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To my knowledge, never. The U.S. style "fighting knife" made by Kabar, Camillus, Ontario and I am sure others is far more common. Randall's were once popular with the Fort Bragg set. I still have the Gerber (dagger) I carried in the service thirty plus years back.

Other than the WWII OSS/Commando connection its not on my radar screen.
 

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Col. Rex Applegate was a member of our local gun club, one time we talked about the Sykes Fairburn knife. He said one of the big problems with it was the round grip which made it too easy to twist in the hand when it got liquids on it and also made it difficult to index in the dark. That was one reason the Applegate Fairbairn knife had a different handle configuration.
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Very popular after WW II Lots of them sold . Korea and Vietnam saw them in used along with Randall Knives. . Always has enjoyed some popularity. Esp the ones with the Boot Sheath
 

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Knives with a bad ass look are always popular with a certain segment of the population.

I wouldn't call the Sykes knives really popular.

These are popular: Millions sold and still being sold. The average guy is the big buyer and the average guy just wants a good knife at a reasonable price.

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As someone who learned forestroke/backstroke, I've never had much interest in single edged blades. Fairbairn/Applegate is about as good as it gets for a "useful" dagger shape.

And yes, indexing is a b**ch with a round grip.
 

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Verminator, that used to be one of my favorite camping knives 'way back in the day. Still got it. Still works just fine. Good knife.

I'm familiar with the S-F knife but it never appealed to me for the reasons that Bearcat6 stated. There are many better designs available today. .
Yes, the Buck 119 is truly popular across a wide segment of those who engage in outdoor activities. The more experienced hunters and trappers probably end up with the 118.......another popular knife.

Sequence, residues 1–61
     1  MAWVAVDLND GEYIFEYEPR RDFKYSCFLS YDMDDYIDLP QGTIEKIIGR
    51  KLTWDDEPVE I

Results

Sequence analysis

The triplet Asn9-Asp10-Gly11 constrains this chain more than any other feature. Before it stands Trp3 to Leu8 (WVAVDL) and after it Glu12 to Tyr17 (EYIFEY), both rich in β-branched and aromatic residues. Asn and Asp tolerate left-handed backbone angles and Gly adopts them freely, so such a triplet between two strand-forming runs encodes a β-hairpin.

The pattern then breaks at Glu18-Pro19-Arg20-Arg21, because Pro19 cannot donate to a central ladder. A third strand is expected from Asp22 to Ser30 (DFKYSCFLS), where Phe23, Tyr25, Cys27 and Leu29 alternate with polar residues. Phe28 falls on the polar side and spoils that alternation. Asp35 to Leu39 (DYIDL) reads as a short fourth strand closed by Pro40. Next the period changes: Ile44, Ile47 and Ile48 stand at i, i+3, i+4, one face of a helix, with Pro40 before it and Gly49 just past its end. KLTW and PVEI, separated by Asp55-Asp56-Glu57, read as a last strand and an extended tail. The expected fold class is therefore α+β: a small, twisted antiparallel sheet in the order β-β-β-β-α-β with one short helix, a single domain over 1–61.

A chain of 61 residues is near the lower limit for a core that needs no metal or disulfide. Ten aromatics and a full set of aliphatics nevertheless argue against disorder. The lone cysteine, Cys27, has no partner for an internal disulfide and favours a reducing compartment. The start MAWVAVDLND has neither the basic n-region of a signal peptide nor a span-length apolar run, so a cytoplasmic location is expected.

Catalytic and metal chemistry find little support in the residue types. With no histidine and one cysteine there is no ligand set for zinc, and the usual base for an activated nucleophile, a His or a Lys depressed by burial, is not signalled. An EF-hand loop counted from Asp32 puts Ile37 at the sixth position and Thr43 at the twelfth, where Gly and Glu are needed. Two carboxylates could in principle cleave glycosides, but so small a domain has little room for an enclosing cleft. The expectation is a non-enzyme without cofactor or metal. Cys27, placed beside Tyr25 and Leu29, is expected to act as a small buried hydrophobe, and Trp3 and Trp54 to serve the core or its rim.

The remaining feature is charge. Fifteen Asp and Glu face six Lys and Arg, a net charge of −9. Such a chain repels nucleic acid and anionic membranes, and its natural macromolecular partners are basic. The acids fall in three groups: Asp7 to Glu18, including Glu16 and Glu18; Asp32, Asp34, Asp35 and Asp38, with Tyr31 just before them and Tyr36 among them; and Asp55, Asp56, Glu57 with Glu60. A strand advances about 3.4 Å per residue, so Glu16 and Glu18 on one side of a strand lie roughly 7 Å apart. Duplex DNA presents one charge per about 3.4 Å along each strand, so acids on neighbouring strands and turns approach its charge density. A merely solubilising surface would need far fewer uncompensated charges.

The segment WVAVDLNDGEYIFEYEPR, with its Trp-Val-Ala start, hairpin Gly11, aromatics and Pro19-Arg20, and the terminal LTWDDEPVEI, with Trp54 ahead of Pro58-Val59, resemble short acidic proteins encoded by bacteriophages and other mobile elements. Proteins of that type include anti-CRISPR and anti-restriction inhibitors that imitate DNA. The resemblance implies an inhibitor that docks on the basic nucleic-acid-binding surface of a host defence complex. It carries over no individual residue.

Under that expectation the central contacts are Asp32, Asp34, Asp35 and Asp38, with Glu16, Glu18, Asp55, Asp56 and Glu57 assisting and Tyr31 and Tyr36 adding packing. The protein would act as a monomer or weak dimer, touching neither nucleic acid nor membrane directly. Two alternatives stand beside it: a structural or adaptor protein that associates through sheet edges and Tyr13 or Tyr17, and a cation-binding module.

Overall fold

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The USMC's first exposure to the F-S was in China, before WW2. Those who got out of China, and survived the Philippines, swore by them, and told others.

Remember that the Ka-Bar was first adopted by the USMC in November 1942... the old WW1-designed Mark I Trench Knife, with its brass-knuckles-style hand guard, was not very popular, so Marines in less-inspected areas of the world tended to find alternatives to carry that worked better for them. The 4th Marine Regiment had been in China (based in Shanghai, where the F-S was created), since 1927 - so there had been a lot of "personalization" of smaller equipment items.

A virtual copy of the F-S was manufactured for the Marine Raider Battalions in 1942-43, and carried by them for quite a while.



The "commando" use of the knife in North Africa & Europe just amplified the legend.
 

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Never seen them as "popular" in US, unless it's something recent.
Maybe among WW2 blade collectors?

Daggers--FW, Gerber Mk 1, etc--suck as field knives. Great for stabbing,
awful for cutting heavy rope, opening containers and "everything else".
 
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